There is a whole range of second-hand shops in Amsterdam - from thrift stores to cozy vintage boutiques. Many are located in the Nine Streets district – four of the best within this area include Laura Dols (Wolvenstraat 7) who has a collection of women's clothes from different decades. Downstairs there are party dresses ranging from the 20s to the 90s - and a collection of wedding dresses. If you have a party to dress up for, this may just be the place for you! Then there's Wini (Haarlemmerstraat 29), who specializes in vintage dresses. The shop sells men's clothing as well. Some of it new with a retro feel, like 50s-style polo shirts or flared jeans. There's a collection of vintage fabrics and vintage women's undergarments. They have retro kid's jackets, jewelry and, if you're on the market for 60s ski trousers or a perfect petticoat, this is your shop. Don't let yourself be fooled by the small size of 1953 Retro en chic (Staalstraat 2) – it's brimming with must-haves! Once inside you'll find yourself in a boudoir from a bygone era. This shop has many rare items, spanning the period from 1800 to 1980. Dresses, shoes, hats, powder boxes, bags, elegant antiquities, and some men's clothing downstairs. Prices range from fairly cheap to more expensive, given that the owner gets some of these rare garments from London and Paris. Out of the Closet (Jodenbreestraat 158) is a thrift chain store from the US. The shop is owned and operated by the AIDS Healthcare Foundation. Funds earned by the resale of donated clothing, accessories, furniture and other items go directly into the organization's free AIDS programmes around the world, including HIV/AIDS testing, education, prevention, outreach and the care and treatment of patients worldwide.
At Waterlooplein there's a permanent market, open from Monday to Saturday. Several stalls have second-hand clothing with army wear, dresses and tons of shoes. At the Noordermarkt there are stalls with vintage clothes every Monday morning. It's a real treat to walk around here, rumble through the piles of clothes and try on the crazy boots and party dresses. The first weekend of every month there's a huge flea market in the north of Amsterdam (the free ferry behind Amsterdam Central Station will take you there) at the NDSM Wharf. Count on a good few hours to check out all the stalls.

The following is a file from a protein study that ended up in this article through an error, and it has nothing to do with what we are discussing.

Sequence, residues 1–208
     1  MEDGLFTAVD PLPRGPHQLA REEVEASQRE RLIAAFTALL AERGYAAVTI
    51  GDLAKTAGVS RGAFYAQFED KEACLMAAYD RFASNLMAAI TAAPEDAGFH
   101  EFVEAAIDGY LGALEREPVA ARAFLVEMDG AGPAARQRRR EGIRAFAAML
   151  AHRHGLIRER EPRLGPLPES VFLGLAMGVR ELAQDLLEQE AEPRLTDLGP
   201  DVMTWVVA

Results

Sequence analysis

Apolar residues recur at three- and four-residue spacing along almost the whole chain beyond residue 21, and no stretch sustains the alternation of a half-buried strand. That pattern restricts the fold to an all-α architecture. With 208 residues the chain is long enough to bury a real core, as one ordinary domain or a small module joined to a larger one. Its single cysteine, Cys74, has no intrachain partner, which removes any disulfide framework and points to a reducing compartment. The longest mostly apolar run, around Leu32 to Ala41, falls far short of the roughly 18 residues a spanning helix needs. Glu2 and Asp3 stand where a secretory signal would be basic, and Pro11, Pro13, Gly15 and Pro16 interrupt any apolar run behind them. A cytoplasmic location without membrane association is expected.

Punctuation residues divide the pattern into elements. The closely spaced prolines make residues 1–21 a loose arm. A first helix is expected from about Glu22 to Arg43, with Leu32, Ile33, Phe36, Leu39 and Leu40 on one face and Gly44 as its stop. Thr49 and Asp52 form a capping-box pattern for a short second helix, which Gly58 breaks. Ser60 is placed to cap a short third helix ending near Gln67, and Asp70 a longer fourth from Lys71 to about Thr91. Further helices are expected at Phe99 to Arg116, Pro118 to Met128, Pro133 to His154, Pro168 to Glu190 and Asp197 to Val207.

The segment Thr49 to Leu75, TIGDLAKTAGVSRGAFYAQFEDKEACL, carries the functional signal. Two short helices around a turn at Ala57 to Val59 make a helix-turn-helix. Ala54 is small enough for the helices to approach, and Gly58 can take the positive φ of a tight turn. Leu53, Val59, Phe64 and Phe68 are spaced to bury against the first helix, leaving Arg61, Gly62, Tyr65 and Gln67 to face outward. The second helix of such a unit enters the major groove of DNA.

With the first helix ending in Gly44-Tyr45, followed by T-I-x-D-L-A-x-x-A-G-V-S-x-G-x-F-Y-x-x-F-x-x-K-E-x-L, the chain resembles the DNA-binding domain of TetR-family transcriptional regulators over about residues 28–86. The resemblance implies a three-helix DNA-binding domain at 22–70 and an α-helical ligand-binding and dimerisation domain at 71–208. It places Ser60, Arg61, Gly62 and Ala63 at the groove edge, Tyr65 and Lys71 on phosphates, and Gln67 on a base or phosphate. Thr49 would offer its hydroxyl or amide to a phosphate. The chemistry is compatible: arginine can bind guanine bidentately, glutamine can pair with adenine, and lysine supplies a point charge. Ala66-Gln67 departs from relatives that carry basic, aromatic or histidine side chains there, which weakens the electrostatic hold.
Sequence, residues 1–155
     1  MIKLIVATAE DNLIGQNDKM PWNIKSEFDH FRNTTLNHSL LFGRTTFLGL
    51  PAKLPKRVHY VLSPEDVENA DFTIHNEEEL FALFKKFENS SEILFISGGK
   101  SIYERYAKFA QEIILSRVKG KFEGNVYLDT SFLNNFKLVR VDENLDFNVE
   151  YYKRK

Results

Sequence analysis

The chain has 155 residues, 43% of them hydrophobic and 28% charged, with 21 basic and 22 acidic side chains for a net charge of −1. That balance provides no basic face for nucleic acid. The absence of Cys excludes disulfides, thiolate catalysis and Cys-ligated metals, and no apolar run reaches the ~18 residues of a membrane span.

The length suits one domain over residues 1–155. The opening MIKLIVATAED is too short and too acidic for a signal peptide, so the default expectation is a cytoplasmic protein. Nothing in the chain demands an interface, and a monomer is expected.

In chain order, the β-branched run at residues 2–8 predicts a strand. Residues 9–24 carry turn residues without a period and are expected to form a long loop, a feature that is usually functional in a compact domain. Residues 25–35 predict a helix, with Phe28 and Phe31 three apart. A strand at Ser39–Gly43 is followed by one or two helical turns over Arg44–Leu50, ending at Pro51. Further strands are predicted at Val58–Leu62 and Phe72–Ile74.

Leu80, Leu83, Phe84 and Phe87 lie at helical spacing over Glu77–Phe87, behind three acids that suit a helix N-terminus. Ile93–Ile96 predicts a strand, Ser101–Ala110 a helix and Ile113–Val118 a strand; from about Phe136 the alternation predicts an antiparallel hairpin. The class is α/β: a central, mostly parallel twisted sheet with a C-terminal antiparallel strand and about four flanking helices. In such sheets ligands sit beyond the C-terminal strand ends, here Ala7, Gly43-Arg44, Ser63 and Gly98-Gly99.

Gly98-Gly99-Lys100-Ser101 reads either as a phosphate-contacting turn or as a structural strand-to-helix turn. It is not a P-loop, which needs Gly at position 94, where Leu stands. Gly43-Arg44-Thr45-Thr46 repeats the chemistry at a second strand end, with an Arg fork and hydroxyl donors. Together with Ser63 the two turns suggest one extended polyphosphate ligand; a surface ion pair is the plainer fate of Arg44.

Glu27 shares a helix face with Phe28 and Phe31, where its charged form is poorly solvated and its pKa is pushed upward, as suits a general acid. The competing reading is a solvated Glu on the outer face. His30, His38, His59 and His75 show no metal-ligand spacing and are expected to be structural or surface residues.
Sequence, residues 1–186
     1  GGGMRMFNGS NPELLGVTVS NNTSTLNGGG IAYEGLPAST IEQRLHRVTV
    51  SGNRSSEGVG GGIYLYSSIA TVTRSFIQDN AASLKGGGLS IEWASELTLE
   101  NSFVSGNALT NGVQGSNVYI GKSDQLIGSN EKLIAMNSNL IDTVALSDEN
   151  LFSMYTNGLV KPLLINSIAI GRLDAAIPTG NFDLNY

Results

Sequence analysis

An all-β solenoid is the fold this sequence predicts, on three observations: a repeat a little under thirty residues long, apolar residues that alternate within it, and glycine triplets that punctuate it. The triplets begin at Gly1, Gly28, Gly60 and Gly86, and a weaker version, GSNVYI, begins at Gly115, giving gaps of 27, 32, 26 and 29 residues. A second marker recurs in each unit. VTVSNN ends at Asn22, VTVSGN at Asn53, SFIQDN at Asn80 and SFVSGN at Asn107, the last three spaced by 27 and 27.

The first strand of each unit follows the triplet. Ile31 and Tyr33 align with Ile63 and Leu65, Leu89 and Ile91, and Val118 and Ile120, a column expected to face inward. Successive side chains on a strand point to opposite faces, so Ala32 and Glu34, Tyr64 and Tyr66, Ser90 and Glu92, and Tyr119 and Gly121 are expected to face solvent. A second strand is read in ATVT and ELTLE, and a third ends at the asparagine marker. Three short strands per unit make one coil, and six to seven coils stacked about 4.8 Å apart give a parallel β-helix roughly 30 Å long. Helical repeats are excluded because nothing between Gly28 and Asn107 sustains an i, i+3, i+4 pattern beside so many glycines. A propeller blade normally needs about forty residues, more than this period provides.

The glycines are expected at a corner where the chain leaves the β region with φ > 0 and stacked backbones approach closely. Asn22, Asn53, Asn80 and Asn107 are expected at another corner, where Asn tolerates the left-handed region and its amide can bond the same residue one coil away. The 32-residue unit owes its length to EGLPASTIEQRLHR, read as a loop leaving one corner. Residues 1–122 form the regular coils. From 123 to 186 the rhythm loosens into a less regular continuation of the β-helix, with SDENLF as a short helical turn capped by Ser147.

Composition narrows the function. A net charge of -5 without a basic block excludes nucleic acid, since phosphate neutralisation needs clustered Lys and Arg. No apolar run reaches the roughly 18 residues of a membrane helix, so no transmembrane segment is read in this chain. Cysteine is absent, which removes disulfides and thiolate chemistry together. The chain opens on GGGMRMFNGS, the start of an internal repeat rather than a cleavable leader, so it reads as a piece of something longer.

Although they're open, tolerant and free-spirited, the Dutch are known for their creativity and spirit of commerce. They also have a touch of dry humor; they're thrifty and have a long history in trade. All of which reflects in their practical and incredibly innovative interior design products.
Five of the most exceptional must-visit design stores in Amsterdam include Droog@Home, an avant-garde design collective that's taken up shop in a century's old building at Staalstraat 7B. Situated in a beautiful old house on Rusland 3 is WonderWood, perhaps the only store in the world to specialize in designer plywood furniture. It showcases vintage plywood chairs and tables from the 1940s through to the 1960s. Friday Next on Overtoom 31 is a concept store in Amsterdam West that combines interior design, fashion and eating in one ever-changing space. Then there's Store Without a Home on Haarlemmerdijk 26 - its name may be a misnomer, but there's no mistaking the interesting collection of art, furniture, fashion, and accessories from local and international designers. Woonbeurs Amsterdam on Europaplein 22 is for home enthusiasts. Every day you can join in on workshops, decorating advice sessions and presentations in the living theatre, where visitors can see the latest trends in interior design presented in a variety of living styles.
Forget about hiring a car, bring sturdy walking shoes and use them – walking is the only way to see Amsterdam unless you hire a bicycle. You'll not see a street you wouldn't want to live on, a deli you wouldn't like to get to know, or a view you wouldn't like to call your own.
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Text and photos by Cindy-Lou Dale